I’ve simply got one more for Alla, which is simply because you ended in 1972, one of the aspects of Merce you don't investigate is Merce the filmmaker, I presume, though you spent quite some time looking at the way he used the camera, because I think I spot quite a lot of his techniques.
AK: You know, I try not to. I was coming from cinema. I actually think never, Merce never engaged with cinema, you know, he was interested in how to look at dance through the lens of the camera. But I never think he was thinking that I'm going to just make a film for big screen. I think he wanted to, I mean, some people told me that he would have loved to do that, but he never quite. So he a lot of his work is he's looking at the movement. You know, that's the focus, you know, and I think one of the reasons also, I want to end in 72, because I feel like there's so much work he created after 72 himself.
And there's this whole body of work that he made, but I didn't really try to just go from his ideas, like his ideas of the dances rather than how he was looking at them himself. So that was, you know, just in terms of his work. I mean, I've seen Charlie's work, of course, I mean, I brought him to Russia, and you know, all kinds of things. But you know, and I always at the time, I never imagined I'm going to do this. So it's an interesting journey.
AM: When Alla says, Charlie, that's Charlie Atlas, who worked with Merce on a series of amazing films between mid 70s and 83. Shall we take one from the floor, from front row.
AK: Well, you can start asking.
Audience member: So I was really impressed with the locations, especially the one, one of the last ones, if not the last one, which was with the world set design. And, you know, as a filmmaker, myself, I was just looking at that huge set. And seeing all these dancers almost like, in a non-space, there was like fade in black. And I was just wondering, all the pre lighting, I was trying to second guess basically, the pre lighting that was going on, and how to make basically a space look like everything but a space. Yeah, just what kind of space was that? How did you light it? Yeah.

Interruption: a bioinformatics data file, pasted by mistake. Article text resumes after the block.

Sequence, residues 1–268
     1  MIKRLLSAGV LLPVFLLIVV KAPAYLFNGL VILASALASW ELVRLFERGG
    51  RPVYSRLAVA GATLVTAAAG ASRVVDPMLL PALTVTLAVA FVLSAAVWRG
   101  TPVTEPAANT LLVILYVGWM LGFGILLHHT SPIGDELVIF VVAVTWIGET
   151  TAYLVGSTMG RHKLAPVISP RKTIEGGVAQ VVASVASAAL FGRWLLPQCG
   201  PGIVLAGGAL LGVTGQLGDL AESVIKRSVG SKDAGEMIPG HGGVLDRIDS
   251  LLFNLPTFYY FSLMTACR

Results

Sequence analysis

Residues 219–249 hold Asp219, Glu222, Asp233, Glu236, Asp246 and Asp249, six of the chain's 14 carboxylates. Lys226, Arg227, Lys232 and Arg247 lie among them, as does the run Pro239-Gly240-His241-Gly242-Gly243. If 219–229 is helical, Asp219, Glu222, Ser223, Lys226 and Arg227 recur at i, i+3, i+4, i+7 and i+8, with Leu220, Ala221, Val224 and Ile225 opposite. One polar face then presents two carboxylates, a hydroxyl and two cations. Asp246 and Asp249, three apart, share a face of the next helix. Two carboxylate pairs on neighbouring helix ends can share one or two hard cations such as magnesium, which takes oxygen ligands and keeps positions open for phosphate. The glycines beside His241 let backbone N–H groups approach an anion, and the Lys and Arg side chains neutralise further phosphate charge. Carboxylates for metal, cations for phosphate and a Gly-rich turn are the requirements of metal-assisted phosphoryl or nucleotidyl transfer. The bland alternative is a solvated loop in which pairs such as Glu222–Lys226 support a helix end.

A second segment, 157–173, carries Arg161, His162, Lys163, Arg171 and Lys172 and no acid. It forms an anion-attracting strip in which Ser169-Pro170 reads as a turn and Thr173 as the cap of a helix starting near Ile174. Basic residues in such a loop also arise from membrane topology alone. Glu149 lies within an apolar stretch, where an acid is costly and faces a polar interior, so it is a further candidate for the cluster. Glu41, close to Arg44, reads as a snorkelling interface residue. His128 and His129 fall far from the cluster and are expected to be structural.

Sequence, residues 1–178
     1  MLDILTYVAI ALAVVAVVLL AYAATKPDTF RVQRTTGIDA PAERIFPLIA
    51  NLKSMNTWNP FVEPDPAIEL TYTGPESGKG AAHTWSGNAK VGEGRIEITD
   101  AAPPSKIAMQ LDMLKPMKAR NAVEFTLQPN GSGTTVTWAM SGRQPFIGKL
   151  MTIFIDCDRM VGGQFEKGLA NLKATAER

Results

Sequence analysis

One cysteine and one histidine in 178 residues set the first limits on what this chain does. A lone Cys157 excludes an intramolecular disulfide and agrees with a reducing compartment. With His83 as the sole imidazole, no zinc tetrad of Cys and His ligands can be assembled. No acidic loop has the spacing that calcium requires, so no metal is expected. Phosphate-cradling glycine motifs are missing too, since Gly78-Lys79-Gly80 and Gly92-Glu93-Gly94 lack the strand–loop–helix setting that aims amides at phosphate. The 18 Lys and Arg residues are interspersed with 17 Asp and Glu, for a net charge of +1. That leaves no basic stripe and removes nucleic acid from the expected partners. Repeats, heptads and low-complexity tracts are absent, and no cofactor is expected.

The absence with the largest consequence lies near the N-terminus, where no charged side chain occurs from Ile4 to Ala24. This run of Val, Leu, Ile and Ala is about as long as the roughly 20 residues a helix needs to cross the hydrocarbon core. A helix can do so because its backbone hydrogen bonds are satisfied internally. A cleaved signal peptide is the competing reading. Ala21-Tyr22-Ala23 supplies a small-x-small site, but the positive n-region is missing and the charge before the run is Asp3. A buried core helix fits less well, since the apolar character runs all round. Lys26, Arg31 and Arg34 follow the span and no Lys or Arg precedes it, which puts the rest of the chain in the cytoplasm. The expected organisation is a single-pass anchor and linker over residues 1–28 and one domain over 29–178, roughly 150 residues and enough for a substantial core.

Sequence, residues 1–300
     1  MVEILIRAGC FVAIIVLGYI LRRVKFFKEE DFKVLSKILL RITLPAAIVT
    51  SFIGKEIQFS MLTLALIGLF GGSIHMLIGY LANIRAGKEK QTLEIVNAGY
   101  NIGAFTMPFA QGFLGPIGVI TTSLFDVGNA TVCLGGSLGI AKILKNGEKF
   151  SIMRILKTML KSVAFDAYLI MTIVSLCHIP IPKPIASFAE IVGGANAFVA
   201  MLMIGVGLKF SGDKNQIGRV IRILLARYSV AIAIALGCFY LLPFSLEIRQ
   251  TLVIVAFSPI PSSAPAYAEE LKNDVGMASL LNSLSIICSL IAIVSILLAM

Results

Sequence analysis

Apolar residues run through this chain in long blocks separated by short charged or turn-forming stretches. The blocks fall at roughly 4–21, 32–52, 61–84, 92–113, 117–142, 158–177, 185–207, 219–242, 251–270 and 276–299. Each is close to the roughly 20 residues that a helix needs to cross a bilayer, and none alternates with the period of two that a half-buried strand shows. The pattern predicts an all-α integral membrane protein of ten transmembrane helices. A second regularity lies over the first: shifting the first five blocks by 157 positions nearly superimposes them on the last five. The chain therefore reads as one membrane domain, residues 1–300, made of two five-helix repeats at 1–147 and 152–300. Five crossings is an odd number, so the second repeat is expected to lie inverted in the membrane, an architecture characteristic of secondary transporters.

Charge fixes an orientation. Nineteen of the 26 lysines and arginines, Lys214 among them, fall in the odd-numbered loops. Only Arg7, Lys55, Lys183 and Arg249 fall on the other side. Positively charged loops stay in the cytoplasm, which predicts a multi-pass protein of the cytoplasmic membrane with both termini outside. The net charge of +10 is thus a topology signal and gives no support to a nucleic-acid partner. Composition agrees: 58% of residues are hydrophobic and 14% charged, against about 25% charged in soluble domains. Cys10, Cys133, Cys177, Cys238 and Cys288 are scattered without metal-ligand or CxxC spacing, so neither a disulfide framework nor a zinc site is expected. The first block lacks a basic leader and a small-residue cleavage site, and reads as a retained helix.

AK: Right. So it's a great one, because, you know, again, what was most interesting here and how the actual pillars change the space, you know, again, coming from Merce's ideas all the time. And we actually tried to put this dance in all kinds of locations, because it felt like, you know, yeah, maybe we can put it on the Brooklyn Bridge or whatever, you know, like, there's maybe some space that can be changed, but then he was really interested just in those pillars.
So if you're interested in those pillars, the only way we can do it, we can multiply them by putting the glass floor down, reflection, right? So it's the only thing we did, it's a real soundstage. It's like a normal sound studio in Cologne. All we did was just put the floor and I must say it was a nightmare to choreograph those pillars. As you can imagine, it was a whole other layer of choreography in terms of people with fans, fanning it from different directions and kind of footballing them. And we're like, no, no, this is a very nice thing, you got to be a little gentle. And it took us to, we had to study the behaviour of the pillars. But the dancers, I mean, they love that. They love those pillars. And usually it was many more than usually get used on stage.